Hope for Borrowers
An FHA loan may be just what Bay Area homebuyers need to enter the housing market.
During the last boom, financing a home loan was pretty easy, with buyers needing little or no money down to qualify for conventional loans. Then came the bust, and with it tightened regulations that required a down payment of 20 percent. Today the going rate is 10 percent down—still hardly chump change where Bay Area housing is concerned.
But buyers can get in the market for even less than that 10 percent if they qualify for an FHA–insured loan. Originally intended to help lower-income Americans buy houses they couldn’t otherwise afford, Federal Housing Administration–insured loans require only 3.5 percent of the loan as a down payment.
About 13.75 percent of all homes in Alameda, Contra Costa, San Francisco, and Marin counties were purchased under the program for the year ending Sept. 30, 2013, according to the agency.
But there are drawbacks. FHA–insured mortgages require borrowers to make the property their primary residence. The maximum loan amount in this region is $625,500 for a single-family home or condo, rising to $1,202,925 for a fourplex. FHA borrowers must make an up-front payment of 1.75 percent and monthly payments of 1.35 percent of the loan amount for mortgage insurance premiums, said Charles Krauth of Walnut Creek’s Guild Mortgage. These costs can be substantial, though the payments fall as the loan is paid off.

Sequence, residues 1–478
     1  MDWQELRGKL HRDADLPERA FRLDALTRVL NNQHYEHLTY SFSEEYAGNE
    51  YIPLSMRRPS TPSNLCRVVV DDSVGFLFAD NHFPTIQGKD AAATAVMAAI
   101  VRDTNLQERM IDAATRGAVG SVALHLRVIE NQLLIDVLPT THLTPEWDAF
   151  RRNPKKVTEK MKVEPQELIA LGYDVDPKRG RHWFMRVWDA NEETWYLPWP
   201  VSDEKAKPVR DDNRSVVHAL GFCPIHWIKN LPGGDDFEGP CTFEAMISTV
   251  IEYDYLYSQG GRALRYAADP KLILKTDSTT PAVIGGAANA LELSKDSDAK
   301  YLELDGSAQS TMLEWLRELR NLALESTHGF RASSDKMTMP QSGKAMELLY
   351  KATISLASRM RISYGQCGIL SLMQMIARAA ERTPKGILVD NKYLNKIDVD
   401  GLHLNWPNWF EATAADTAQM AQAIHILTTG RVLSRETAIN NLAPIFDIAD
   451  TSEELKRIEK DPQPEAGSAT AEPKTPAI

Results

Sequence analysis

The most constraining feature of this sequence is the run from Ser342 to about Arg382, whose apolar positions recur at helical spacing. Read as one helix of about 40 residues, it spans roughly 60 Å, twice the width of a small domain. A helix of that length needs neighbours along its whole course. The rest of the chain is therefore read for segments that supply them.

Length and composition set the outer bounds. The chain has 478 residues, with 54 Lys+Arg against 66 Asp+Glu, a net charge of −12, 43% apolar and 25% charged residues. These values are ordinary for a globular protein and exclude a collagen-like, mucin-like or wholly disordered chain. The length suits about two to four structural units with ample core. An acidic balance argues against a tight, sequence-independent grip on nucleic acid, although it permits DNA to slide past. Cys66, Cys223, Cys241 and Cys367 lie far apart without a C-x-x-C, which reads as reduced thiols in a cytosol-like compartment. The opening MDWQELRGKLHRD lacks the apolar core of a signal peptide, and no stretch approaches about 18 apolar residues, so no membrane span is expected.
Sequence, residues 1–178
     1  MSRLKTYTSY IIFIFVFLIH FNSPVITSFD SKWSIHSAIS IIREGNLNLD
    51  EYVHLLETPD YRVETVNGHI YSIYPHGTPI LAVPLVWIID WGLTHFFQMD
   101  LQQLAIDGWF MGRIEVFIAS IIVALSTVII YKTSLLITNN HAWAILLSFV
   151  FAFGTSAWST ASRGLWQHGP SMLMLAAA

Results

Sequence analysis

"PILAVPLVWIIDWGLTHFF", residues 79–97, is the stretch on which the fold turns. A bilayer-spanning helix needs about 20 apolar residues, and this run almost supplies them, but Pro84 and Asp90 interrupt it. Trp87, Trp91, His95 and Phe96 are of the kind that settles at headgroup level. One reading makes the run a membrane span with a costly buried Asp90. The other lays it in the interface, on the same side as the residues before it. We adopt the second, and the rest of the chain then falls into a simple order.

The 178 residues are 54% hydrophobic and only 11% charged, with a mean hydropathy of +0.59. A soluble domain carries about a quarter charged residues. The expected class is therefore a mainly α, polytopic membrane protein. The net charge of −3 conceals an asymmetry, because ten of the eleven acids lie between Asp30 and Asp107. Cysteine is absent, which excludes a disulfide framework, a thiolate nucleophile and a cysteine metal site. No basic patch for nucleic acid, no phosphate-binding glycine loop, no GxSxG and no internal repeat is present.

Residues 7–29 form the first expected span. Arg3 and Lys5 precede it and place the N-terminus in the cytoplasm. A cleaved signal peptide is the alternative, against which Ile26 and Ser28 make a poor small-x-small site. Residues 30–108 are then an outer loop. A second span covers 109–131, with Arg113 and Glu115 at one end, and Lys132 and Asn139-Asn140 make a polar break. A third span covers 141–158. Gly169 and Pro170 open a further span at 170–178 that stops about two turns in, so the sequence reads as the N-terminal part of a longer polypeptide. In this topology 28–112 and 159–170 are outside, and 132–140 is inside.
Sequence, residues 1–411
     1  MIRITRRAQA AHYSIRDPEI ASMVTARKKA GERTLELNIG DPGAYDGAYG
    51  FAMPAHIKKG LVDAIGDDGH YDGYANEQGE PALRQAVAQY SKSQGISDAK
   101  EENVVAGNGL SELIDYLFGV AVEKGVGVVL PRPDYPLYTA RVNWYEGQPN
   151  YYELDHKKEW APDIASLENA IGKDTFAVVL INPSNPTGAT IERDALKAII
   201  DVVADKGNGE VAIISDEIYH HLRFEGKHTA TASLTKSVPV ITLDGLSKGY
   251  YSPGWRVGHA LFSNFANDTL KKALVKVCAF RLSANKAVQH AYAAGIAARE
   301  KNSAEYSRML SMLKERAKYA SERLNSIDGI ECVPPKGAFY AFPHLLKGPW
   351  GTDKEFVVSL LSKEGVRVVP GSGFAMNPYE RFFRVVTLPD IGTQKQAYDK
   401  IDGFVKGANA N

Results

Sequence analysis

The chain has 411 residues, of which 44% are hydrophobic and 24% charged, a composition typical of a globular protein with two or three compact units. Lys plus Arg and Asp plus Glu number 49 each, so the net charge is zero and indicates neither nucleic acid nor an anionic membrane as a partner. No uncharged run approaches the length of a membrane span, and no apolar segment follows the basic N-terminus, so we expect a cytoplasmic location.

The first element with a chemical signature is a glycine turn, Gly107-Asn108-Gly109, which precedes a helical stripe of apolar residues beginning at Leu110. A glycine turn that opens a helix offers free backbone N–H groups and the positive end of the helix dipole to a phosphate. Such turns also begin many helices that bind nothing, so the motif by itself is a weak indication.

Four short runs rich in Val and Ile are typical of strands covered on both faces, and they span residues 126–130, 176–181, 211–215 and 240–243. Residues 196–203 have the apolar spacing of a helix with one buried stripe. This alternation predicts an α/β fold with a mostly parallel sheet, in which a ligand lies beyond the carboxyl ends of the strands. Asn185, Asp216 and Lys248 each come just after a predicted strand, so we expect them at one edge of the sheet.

By way of example, a borrower taking out the maximum loan amount of $625,500 for a single-family home would pay about $700 a month in mortgage insurance premiums to start out on top of principal, interest, and taxes.
“As values go up, people like to refinance out of FHA into conventional loans without the mortgage insurance,” Krauth said.
FHA–insured loans can be either fixed- or adjustable-rate loans, according to the agency. Borrowers can obtain the loans through an FHA–approved lender or a mortgage broker who works with an FHA approved lender. Interested borrowers can get more information about FHA-insured mortgages at www.HUD.gov.
Putting money aside for a big down payment as home prices rise may seem like an exercise in frustration, but with an FHA–insured mortgage, a buyer just may be able to get into the market and benefit from rising prices immediately.